My investment portfolio is a mess. I hold tech stocks, including Google and Chinese internet startups. I have $30,000 in REITs. I have over $200,000 on Facebook.

The reason my investment portfolio is so diversified is simple: it’s a relic of early thinking, where I liked picking stocks and experimenting.

My allocation isn’t ideal, and won’t be for a long time. If I were to transfer all the funds at once, I’d face significant capital gains taxes, so I’m slowly rebalancing. It will take years to complete.

2028a0d928c1bbea01f993ab995a1125What do I want? Where do I want to move the money? What if I could start over?

The mutual fund portion of my investment portfolio is around $1,000,000, so if I could start from scratch, how would I invest it?

I’ll answer these questions, but first, let’s do a thought exercise.

Ice Cubes and Trays

Imagine a conversation with a salesman trying to sell you an ice cube service:

Salesman: I have something new and cool to tell you about! I endorse Cube & Tray, an exciting new service. We handle ice cubes, so you don’t have to! You: What? Salesman: Yes, ice cubes! Cube & Tray manages the production of ice cubes in your home. No more filling trays. We take care of everything! Our trained ice artisans ensure you never run out of high-quality ice cubes. You: Is this a joke? Where are the hidden cameras? Salesman: Sir, this is no joke. Only the finest cubes. We turn water into ice. For you. The phase transition from liquid to solid is not simple. Do you remember the chemical reactions from high school? You: Uh… Salesman: I didn’t think so. Please, bear in mind, our service only charges 2% of the water bill. You: My fridge already makes ice automatically. There’s even a water dispenser on the door. Salesman: We can do better! Our experts craft the most exquisite, luxurious cubes for you. You: Leave before I call the cops.

No sane person would sign up for Cube & Tray. Yet many people sign similar plans to manage one of the most important aspects of their lives—money.

Fees Will Eat Your Retirement

It wasn’t until recently that I began paying attention to mutual fund fees. I ignored and dismissed them:

Hey, it’s only one or two percent. Not a big deal.

Turns out, fees are a big deal. A really big deal.

Back in July 2013, my investment portfolio was worth around $685,000. I recently signed up for Personal Capital, a highly useful (and free!) investment aggregation service. One of the tools on the Personal Capital website is the Fee Analyzer.

One day, I fired it up, and was shocked to discover that if I continued with the current funds, I would pay nearly $600,000 in fees over the next 26 years; losing three precious years of retirement:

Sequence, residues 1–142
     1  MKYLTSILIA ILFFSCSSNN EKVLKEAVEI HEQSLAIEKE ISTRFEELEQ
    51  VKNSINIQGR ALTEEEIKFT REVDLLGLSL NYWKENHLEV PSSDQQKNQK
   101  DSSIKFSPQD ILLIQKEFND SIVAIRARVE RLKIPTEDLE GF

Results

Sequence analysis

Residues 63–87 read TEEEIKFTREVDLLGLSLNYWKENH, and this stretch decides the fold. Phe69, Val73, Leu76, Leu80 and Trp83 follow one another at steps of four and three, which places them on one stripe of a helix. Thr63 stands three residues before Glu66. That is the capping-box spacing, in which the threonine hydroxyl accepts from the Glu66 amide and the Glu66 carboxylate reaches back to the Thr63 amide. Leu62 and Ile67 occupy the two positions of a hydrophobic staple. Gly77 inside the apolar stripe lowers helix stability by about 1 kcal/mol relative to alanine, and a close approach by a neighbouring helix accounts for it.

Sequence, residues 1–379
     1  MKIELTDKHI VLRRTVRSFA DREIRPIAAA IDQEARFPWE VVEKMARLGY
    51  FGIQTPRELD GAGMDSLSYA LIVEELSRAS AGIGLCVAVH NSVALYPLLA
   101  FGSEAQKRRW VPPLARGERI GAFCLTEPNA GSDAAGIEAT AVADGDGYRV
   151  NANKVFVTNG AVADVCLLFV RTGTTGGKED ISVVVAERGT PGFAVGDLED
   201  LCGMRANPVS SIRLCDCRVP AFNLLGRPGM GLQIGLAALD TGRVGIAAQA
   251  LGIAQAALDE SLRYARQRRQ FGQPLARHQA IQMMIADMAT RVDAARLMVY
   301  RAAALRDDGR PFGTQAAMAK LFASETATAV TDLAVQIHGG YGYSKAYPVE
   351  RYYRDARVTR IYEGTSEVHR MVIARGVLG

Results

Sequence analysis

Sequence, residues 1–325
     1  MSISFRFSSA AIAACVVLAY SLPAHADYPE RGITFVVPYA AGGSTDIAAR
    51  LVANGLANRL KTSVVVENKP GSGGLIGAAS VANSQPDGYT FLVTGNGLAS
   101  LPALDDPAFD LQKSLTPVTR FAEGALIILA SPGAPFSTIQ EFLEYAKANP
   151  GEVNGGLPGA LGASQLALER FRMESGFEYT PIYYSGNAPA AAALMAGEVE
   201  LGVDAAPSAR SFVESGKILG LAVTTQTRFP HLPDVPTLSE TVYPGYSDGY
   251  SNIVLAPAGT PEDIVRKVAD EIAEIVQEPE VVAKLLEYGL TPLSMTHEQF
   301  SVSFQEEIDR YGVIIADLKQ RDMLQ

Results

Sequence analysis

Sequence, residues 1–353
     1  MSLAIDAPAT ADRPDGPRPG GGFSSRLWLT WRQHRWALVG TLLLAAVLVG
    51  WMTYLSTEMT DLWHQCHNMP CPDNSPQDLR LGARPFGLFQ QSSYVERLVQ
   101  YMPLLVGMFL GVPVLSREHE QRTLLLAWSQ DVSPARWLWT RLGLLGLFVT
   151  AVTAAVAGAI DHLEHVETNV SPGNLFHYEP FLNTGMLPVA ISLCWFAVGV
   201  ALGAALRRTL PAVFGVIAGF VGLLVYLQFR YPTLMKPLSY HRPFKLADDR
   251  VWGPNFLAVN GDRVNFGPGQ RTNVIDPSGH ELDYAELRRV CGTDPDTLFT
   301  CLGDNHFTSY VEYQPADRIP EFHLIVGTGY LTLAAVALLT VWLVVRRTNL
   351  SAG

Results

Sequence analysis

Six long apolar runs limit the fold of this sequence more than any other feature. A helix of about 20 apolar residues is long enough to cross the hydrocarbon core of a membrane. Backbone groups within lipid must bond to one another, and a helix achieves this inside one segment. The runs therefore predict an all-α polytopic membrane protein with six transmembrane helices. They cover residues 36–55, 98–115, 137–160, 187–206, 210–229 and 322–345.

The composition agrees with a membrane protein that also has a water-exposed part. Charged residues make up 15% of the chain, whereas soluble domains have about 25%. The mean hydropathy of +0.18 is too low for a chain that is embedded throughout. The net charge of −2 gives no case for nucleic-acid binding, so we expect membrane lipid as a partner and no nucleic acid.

I took immediate action, rebalancing into lower-cost funds. While the mutual fund portion of my investment portfolio has since increased in value by $300,000, I paid only $144,880 in fees:

By reducing my fee ratio from 0.79% to 0.11%, I saved over $450,000.

You can use Personal Capital’s Fee Analyzer to see how much of your retirement is currently being eaten up by fees. Completely free!

Why Fees Aren’t Worth It

The dirty secret of the investment world is that the most actively managed funds (i.e., the ones with high fees) fail to outperform their benchmarks. This article from US News points out:

“A year-end study by Standard & Poor’s Dow Jones Indices found that over 10-year investment horizons, 82.14% of large-cap fund managers, 87.61% of mid-cap fund managers, and 88.42% of small-cap fund managers failed to beat the S&P Composite 1500 index.”

Incredible as it may seem, one of the most critical factors for long-term success is fees. But that’s the fact. Low-cost funds that track an entire index typically beat out their higher-priced, actively managed counterparts. The simple answer is the right answer. A good read on this subject is “The Little Book of Common Sense Investing” by John Bogle.

The success of simple index funds flies in the face of our intuition. It’s contrary to what we see every day:

Why are there so many websites dedicated to finance? How do fund managers make millions every year? What’s the point of that bald guy screaming on that financial TV show?

The answer is simple:

Managing money can make a lot of profit. If things seem complicated, fund managers benefit. If everyone knew just how simple it really is, many would be out of a job.

That’s why many financial advisors have the ability to charge very high prices for wealth management leads.

If you still don’t believe it, consider index funds recommended by Warren Buffett, one of the most successful investors of all time.

Investing $1 Million in 2024

So you want to know how to invest $1 million: If I had to start over, this is how I would invest $1 million.

If I had $1 million to invest today, I’d put most (at least 60%) into VTSAX. This is Vanguard Group’s Total Stock Market Index Fund. It has a fee ratio of just 0.05% and provides investment in the entire US stock market.

I’d put a small portion into VTIAX (Vanguard Group’s Total International Stock Market Index Fund) and VEMAX (Vanguard Group’s Emerging Markets Stock Index Fund). I’d rebalance annually. During market downturns, I’d also take advantage of tax-loss harvesting. This is the best way to invest a million dollars, and you might also consider real estate investment, where with effort, you might get higher returns, but it’s not truly passive investing.

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